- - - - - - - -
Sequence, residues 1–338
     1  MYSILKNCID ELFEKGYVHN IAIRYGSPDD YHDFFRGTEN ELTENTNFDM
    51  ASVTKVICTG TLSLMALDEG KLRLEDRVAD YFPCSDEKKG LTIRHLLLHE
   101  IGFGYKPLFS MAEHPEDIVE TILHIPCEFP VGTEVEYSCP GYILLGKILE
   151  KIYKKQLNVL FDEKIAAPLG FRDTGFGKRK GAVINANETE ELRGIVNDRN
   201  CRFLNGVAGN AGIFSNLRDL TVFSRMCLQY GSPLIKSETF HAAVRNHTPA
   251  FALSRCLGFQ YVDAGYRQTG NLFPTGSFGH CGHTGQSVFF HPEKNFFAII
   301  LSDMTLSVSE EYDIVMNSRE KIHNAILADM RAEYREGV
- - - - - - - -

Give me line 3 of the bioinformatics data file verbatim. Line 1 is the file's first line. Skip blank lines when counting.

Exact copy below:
    51  ASVTKVICTG TLSLMALDEG KLRLEDRVAD YFPCSDEKKG LTIRHLLLHE